Waynesburg gets good deal on renovation project, thanks to SCI Greene

February 26, 2013
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Bob Niedbala / Observer-Reporter
Two inmates from the state Correctional Institution at Greene, who are members of the Community Works Program, paint council chambers at the Waynesburg Borough Building Tuesday. Looking on is CWP labor foreman Dave Thomas, an SCI employee who supervises the crew. Order a Print
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Bob Niedbala / Observer-Reporter
Inmates in the state Correctional Institution at Greene’s Community Works Program are renovating the Waynesburg police station, which has involved converting several small rooms into this large patrolmen’s room. Order a Print

WAYNESBURG – A project to renovate the Waynesburg Borough police station, estimated to cost more than $350,000, is being completed for significantly less, thanks to the state Correctional Institution at Greene’s Community Works Program.

A crew of four inmates and a CWP labor foreman have been busy on the project for months, tearing out old walls and dropped ceilings, constructing and finishing new rooms, restoring the original ceiling and replacing floors.

“We’re more than satisfied with the entire project,” police Chief Timothy Hawfield said.

Hawfield said the inmates have conducted themselves well. They have been courteous, have refrained from even the use of any “inappropriate words” and their work has been excellent. “There have been no complications at all with these men,” he said.

It’s been nearly 40 years since the borough has completed any work on the police station. Because of the costs, using the inmates “was the only way we could have done it,” Hawfield said.

When the borough originally considered renovating the station, the architect who prepared the design drawings estimated the cost at between $350,000 and $450,000, borough administrator Bruce Wermlinger said.

“The SCI crew probably did 90 percent of work. I estimate the savings to the borough at close to $300,000,” he said. The borough expects to spend slightly less than $50,000 on the project for materials and to pay a certified electrician to complete the wiring.

The work has been extensive, Wermlinger said, and the crews have done a good job.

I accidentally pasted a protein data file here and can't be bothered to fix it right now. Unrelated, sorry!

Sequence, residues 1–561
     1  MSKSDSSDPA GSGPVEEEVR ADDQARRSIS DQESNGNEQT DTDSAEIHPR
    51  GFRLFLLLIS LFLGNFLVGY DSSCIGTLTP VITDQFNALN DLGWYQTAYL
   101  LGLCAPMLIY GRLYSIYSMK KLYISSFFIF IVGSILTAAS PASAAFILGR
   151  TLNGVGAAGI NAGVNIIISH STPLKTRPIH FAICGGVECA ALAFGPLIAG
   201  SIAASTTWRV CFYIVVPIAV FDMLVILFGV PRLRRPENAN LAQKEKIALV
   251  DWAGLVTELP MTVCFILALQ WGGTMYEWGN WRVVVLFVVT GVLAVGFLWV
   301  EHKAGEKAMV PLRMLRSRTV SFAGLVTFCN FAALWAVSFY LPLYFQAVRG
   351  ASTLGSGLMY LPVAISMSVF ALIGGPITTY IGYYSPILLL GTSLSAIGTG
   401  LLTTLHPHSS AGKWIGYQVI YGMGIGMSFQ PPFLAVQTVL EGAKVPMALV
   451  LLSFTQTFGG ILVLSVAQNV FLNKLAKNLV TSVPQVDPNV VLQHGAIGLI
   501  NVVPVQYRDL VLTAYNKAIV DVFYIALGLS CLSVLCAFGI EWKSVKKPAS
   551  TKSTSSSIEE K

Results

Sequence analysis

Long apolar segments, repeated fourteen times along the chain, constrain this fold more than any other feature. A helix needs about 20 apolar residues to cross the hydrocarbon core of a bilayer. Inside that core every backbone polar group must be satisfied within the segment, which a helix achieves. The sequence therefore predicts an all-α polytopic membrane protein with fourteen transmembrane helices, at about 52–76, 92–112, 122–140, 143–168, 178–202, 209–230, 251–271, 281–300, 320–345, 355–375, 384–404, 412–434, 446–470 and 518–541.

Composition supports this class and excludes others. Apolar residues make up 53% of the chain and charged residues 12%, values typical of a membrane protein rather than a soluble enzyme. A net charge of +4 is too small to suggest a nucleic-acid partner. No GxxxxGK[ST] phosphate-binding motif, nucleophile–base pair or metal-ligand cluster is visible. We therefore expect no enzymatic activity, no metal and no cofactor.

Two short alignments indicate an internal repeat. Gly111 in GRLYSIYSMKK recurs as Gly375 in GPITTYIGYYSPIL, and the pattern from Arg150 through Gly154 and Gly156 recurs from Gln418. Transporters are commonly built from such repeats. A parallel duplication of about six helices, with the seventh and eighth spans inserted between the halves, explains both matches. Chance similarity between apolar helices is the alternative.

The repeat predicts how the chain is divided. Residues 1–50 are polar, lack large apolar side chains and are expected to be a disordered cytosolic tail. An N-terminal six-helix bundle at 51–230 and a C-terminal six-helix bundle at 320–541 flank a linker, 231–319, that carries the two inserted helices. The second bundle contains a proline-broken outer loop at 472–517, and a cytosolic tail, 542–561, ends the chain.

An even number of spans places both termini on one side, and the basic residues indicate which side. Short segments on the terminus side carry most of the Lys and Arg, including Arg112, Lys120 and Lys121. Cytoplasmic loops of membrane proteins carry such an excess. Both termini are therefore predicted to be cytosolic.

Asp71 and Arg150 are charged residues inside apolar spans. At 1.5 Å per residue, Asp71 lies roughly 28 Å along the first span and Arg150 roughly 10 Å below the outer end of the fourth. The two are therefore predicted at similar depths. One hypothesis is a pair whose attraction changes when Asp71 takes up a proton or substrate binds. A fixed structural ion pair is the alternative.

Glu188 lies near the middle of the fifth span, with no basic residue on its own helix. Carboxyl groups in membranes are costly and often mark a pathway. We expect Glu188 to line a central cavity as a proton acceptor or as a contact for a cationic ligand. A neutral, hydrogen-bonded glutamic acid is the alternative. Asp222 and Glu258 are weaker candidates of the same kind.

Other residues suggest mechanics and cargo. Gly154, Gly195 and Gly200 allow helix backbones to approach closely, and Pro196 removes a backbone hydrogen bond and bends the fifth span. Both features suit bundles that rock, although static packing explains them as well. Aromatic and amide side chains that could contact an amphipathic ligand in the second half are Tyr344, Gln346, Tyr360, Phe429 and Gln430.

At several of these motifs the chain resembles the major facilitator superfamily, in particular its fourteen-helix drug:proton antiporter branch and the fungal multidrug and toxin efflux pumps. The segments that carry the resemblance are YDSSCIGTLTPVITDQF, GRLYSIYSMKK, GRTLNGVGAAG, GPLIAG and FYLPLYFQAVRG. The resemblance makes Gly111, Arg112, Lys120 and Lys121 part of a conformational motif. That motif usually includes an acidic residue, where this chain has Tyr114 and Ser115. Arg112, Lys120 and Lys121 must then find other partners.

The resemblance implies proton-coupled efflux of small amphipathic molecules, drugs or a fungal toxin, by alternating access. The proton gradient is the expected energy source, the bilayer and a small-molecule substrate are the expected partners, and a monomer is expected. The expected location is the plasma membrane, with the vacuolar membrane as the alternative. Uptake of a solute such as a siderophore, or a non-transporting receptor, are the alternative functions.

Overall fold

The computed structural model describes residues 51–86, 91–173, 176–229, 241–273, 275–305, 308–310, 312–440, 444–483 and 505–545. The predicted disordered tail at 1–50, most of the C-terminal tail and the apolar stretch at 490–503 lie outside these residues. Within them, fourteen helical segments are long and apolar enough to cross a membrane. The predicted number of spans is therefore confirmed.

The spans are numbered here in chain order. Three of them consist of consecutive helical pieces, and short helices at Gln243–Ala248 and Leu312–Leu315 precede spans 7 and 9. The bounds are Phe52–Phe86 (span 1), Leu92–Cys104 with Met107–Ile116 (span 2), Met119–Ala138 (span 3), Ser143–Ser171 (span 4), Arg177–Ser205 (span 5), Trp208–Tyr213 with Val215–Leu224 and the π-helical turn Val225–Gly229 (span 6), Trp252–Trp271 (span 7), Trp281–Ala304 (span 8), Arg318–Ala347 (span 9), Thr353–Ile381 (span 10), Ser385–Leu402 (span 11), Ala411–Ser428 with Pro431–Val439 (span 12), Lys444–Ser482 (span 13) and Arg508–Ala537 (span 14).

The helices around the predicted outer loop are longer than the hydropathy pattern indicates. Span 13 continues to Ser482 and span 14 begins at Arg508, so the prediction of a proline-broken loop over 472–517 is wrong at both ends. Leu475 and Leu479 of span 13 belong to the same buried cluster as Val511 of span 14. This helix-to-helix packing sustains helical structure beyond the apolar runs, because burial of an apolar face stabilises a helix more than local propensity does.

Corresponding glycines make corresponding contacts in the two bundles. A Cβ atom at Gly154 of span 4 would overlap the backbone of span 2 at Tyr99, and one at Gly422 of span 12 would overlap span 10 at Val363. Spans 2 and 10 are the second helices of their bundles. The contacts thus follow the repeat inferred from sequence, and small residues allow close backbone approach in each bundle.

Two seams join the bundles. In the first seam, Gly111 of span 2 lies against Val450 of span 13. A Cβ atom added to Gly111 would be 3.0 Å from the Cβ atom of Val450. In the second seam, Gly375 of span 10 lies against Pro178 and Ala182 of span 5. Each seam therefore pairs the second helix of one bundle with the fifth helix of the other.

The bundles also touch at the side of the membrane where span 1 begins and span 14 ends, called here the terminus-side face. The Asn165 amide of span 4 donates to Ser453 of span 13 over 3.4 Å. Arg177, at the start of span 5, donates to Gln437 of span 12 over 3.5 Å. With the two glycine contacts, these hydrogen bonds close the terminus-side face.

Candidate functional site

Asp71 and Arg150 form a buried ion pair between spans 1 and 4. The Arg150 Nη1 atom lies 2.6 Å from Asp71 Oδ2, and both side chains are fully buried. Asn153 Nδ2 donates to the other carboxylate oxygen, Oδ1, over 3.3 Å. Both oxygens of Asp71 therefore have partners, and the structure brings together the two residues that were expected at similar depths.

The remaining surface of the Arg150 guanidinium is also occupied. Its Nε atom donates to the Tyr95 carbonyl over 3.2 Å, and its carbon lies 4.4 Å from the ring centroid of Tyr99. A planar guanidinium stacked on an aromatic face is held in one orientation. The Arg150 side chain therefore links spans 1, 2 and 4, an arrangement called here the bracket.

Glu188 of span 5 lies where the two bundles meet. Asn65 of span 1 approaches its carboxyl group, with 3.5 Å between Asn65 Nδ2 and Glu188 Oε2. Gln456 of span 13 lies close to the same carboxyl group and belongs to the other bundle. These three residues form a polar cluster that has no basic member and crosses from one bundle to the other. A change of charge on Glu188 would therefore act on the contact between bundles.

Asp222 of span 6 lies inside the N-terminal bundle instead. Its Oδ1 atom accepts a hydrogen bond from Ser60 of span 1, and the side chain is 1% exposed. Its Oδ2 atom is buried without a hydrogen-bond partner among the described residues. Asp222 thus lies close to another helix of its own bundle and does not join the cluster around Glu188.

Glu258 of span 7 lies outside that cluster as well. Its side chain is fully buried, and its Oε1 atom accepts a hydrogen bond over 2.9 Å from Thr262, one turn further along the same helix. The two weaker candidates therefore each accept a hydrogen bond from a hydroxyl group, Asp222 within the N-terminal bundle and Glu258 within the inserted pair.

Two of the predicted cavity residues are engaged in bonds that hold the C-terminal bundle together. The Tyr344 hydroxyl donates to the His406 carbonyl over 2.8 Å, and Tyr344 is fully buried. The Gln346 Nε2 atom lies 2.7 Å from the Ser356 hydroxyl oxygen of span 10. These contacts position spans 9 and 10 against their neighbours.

Working around the inmates also hasn’t been a problem, said Athena Bowman, the borough’s administrative assistant. The crew is usually busy, and she’s busy, too, so there has been little interaction.

But they always say “good morning” and “excuse me” when they have to get passed her. “They’ve been very polite,” she said.

All of the inmates who work with the CWP have to complete an interview and achieve community and minimal supervision status, said CWP labor foreman Dave Thomas, an SCI employee who supervises the crew.

“You have to have a little more trust in these inmates than you do of inmates on the inside,” Thomas said. In the years he has been a foreman, Thomas said, he has never had a problem with the men.

Most of the inmates are nearing the end of their sentences.

“The majority are getting ready to go home, and they’re learning a trade to help them get back into society,” Thomas said. Many of the inmates enter the program with very few construction skills, “but they’re willing to learn and they pick it up fairly quickly,” he said.

The inmates also appear to like the work, Thomas said. “They would rather be out here working than inside the institution,” he said.

The crew that has been working at the borough began part of the project early last year, when members renovated Hawfield’s office and created the lieutenant’s office and an armory.

Since November, they have been busy converting three or four rooms in the front of the station into one large patrolmen’s room and a processing room.

SCI Greene has been operating the community works program since the prison’s opening. It now has three CWP crews. “All three are busy,” Thomas said.

Thomas said his crew does most of its work in Greene County. It is allowed to complete projects for nonprofit organizations and local governments.

The crew, which can include up to 10 inmates, has done work for Habitat for Humanity, Washington City Mission, the Nineveh Community Center, Waynesburg and Franklin Township, among others.

They have cleaned, painted, completed new construction, which involved framing and dry wall or siding work, and done roofing and electrical work. A crew also once helped the borough dig sewer lines and they regularly assist the state Department of Transportation clean up along state highways.

Borough employees certainly have appreciate their efforts. “I highly recommend them,” Hawfield said. “They provide a good service to the community.”

Organization or local governments that would like more information about the program or are interested in applying for it can contact Jeff Rogers at SCI Greene at 724-852-2902, extension 551.

Bob Niedbala worked as a general assignment reporter for the newspaper for 27 years in the Greene County bureau. He received a bachelor’s degree in English from the University of Pittsburgh.

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